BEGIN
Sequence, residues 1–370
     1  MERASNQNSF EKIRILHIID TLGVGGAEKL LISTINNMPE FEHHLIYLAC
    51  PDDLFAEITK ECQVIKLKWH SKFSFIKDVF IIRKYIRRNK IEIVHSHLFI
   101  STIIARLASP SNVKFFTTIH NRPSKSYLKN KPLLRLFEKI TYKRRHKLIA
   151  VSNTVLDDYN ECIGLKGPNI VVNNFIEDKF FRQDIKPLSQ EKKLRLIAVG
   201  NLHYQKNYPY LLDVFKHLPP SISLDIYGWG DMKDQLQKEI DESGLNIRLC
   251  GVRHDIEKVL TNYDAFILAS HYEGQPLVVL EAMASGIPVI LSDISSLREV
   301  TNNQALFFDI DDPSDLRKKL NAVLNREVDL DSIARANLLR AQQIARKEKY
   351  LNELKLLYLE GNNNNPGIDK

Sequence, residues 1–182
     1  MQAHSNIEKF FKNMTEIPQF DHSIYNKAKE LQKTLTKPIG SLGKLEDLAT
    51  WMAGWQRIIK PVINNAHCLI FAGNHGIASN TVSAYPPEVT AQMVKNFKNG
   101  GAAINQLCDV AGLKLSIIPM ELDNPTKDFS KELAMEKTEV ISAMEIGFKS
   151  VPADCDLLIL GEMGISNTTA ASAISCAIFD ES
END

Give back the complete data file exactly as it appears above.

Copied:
Sequence, residues 1–370
     1  MERASNQNSF EKIRILHIID TLGVGGAEKL LISTINNMPE FEHHLIYLAC
    51  PDDLFAEITK ECQVIKLKWH SKFSFIKDVF IIRKYIRRNK IEIVHSHLFI
   101  STIIARLASP SNVKFFTTIH NRPSKSYLKN KPLLRLFEKI TYKRRHKLIA
   151  VSNTVLDDYN ECIGLKGPNI VVNNFIEDKF FRQDIKPLSQ EKKLRLIAVG
   201  NLHYQKNYPY LLDVFKHLPP SISLDIYGWG DMKDQLQKEI DESGLNIRLC
   251  GVRHDIEKVL TNYDAFILAS HYEGQPLVVL EAMASGIPVI LSDISSLREV
   301  TNNQALFFDI DDPSDLRKKL NAVLNREVDL DSIARANLLR AQQIARKEKY
   351  LNELKLLYLE GNNNNPGIDK

Sequence, residues 1–182
     1  MQAHSNIEKF FKNMTEIPQF DHSIYNKAKE LQKTLTKPIG SLGKLEDLAT
    51  WMAGWQRIIK PVINNAHCLI FAGNHGIASN TVSAYPPEVT AQMVKNFKNG
   101  GAAINQLCDV AGLKLSIIPM ELDNPTKDFS KELAMEKTEV ISAMEIGFKS
   151  VPADCDLLIL GEMGISNTTA ASAISCAIFD ES